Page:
Think about it; there are natural, clearly defined and enforced (beyond our control, I might add) borders in our daily life. Take time. That’s a very clearly defined border. Today cannot be yesterday or tomorrow. Place, too - if you’re in California, you cannot simultaneously be in New York.

Borders are so much a part of our lives that we don’t even notice them. Night and day, male and female, the list goes on and on.

While these borders don’t depend on our involvement, they simply exist whether we like it or not. There are many borders that should be in our lives, and that do depend on our creating and enforcing them.

Often we need to enforce our personal borders; certain things simply don’t belong in our life. We each have the authority and agency to choose what to include in our lives and what not. Just because it’s out there, doesn’t mean it’s for us.

In addition to dividing from the outside, a border creates the space to create something within it too. This is true in our lives that when we don’t enforce our personal borders, we lose the ability to develop our personal identity. Enforcing our personal borders, choosing what to include in our lives and what not, provides us with the space to grow and become a true human being, living in tune with our soul.

News Year's Frustration


Photo by Erwan Hesry on Unsplash 

Have you found this week to be frustrating? If you answered yes, you’re not alone. So many people have all sorts of admittedly irrational high hopes for this time of year. Somehow they’re convinced that somehow everything would suddenly change due to being in a new calendar year.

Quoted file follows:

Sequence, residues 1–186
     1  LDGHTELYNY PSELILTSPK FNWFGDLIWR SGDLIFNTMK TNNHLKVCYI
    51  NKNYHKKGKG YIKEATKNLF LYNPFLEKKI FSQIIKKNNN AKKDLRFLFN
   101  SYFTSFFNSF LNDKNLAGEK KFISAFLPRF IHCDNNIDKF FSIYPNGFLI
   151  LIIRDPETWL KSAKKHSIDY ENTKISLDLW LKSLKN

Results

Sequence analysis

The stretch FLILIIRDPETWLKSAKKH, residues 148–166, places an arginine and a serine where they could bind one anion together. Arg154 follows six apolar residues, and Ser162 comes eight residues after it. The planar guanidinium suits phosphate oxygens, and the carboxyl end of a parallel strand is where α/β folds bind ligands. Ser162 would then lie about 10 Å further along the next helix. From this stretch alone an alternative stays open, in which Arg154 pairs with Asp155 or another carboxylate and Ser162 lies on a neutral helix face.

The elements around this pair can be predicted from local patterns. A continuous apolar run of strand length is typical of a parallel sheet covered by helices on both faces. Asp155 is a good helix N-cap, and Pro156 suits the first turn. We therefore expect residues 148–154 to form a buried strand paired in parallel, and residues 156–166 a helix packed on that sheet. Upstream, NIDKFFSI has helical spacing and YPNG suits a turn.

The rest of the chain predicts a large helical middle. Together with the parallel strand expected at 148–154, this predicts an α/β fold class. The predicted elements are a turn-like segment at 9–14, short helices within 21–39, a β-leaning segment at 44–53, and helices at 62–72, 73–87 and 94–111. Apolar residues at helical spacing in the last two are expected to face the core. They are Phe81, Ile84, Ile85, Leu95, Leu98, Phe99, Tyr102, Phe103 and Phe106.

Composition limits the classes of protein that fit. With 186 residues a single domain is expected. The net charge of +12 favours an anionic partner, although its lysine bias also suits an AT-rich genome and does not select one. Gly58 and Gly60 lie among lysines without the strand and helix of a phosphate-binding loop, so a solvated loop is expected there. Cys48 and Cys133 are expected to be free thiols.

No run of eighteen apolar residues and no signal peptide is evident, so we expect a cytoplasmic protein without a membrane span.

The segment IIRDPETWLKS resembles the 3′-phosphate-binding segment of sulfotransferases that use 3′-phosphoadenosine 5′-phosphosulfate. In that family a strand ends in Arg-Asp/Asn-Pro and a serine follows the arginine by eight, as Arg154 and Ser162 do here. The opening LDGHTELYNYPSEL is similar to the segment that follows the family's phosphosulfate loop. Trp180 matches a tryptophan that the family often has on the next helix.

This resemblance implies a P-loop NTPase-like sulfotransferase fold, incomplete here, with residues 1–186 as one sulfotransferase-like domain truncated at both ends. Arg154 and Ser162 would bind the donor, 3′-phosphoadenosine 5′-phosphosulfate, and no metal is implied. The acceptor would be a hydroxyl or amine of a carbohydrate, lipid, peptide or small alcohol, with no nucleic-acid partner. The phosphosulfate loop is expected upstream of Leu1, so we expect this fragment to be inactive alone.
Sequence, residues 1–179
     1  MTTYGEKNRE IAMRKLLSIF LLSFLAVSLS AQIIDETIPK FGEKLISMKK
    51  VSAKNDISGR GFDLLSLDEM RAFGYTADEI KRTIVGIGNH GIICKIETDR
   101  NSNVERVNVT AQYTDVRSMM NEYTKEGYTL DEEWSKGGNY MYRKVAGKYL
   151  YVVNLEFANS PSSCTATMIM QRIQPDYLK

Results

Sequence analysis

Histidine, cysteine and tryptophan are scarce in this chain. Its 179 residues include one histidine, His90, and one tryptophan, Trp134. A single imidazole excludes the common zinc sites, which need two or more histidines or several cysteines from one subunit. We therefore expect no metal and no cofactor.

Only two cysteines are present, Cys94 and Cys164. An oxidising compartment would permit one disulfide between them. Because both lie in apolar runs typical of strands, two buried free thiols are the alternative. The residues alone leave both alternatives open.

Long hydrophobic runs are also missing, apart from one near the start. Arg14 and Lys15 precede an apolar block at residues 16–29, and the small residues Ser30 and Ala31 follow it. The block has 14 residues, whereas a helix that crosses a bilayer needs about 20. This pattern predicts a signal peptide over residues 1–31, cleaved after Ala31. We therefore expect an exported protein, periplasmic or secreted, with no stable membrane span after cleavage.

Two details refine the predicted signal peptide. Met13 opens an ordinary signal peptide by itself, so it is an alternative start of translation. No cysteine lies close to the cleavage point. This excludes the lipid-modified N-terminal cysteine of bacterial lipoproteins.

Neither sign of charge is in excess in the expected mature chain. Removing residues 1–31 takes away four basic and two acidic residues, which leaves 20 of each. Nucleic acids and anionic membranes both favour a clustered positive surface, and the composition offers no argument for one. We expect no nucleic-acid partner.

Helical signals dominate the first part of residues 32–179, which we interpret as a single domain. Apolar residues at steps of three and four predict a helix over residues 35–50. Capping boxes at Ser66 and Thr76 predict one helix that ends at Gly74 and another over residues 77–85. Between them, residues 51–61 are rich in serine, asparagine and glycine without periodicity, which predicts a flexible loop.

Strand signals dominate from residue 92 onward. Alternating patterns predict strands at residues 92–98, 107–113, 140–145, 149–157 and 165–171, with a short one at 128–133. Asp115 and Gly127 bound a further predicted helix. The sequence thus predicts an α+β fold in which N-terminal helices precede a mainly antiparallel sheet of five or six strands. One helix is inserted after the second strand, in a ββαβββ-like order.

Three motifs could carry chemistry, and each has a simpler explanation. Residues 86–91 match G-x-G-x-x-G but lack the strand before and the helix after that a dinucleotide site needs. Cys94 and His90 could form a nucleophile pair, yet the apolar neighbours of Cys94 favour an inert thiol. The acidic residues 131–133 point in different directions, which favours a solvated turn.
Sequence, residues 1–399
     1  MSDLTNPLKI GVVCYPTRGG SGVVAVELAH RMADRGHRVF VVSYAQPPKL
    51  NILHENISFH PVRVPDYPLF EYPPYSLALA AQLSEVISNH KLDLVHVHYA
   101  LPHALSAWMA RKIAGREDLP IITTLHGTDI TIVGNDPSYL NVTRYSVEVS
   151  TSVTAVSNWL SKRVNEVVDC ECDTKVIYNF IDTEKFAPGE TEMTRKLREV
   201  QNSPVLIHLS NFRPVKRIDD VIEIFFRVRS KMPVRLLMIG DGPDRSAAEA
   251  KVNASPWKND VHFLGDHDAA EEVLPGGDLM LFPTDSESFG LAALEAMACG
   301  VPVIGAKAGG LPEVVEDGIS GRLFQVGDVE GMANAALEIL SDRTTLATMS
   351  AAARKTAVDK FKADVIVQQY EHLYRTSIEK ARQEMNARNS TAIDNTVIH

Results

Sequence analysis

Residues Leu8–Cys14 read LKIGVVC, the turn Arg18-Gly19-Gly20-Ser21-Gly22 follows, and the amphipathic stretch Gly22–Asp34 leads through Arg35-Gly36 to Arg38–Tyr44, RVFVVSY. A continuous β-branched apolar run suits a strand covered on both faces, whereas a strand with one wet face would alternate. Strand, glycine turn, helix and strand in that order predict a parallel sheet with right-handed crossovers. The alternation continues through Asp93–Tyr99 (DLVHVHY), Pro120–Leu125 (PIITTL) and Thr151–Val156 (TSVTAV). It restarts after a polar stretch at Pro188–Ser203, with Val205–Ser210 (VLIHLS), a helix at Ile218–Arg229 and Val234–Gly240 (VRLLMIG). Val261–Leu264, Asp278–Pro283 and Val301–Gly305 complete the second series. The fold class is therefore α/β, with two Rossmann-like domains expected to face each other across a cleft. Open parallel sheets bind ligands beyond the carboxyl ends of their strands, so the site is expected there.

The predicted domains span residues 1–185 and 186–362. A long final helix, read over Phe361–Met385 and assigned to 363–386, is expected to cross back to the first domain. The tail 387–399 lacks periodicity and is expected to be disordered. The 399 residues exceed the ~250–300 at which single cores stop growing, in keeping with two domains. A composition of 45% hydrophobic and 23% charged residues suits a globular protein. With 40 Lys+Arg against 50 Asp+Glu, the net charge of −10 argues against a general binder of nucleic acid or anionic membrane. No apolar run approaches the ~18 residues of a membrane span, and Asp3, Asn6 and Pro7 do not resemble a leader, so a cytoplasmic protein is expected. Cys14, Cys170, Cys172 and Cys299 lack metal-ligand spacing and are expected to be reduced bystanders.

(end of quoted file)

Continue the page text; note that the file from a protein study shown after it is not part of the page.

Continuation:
Of course overnight change doesn’t get any easier; whether it’s a random night of the year or a night when we turn the page to a new year. Change remains hard. Life remains laden with the same baggage as before and it seems that our path is strewn with the same things that bogged us down before.

Is there any solution to this endless treadmill of life? Or are we destined to endlessly repeat the narratives of the past? How can we redirect this cycle?

There is a fascinating understanding of the narrative of Judah meeting his long lost brother Joseph described in this week’s Torah portion. Our portion begins with the words, “Then Judah approached him (Joseph).” 

Judah and Joseph are understood as representing two world views, two approaches with regards to how to engage the physical world we inhabit. Joseph was viceroy of the superpower of the time, Egypt. Joseph represents engagement with the world, with the intention of improving and elevating it. Judah, whose very name means submission to G-d, represents a complete dedication to G-d; conscientiously avoiding engagement with the surrounding physical environment.

Each mode has a strength and weakness. While Joseph has more chance of positively influencing the world, his mode of engagement also poses risk of being distracted and derailed by the concealment of the physical world. While Judah has less chance of being distracted or diverted by the world, his mode is less likely to elevate the world.

While they generally would represent two opposing worldviews, in this week’s portion, Judah approaches Joseph; they engage with each other. The secret to true success in life is embedded here in this first verse describing this historic meeting of the two brothers.

Life is heavy, it wears us down. Habits are difficult to break and it’s easy to get disillusioned. In order to successfully navigate our physical lives we need to be engaged spiritually as well. Judah approaching Joseph informs us regarding our attitude toward our physical lives; while we live physical lives, we need to ensure that we engage with and nourish our spiritual side. In fact, it can be argued that the spiritual side is even more important.

This is the secret to overnight change, whether tied to a significant date on the calendar or any other day of the year. Engage with your soul, tap into the spiritual and G-dly; this is the secret to incorporating significant and lasting change.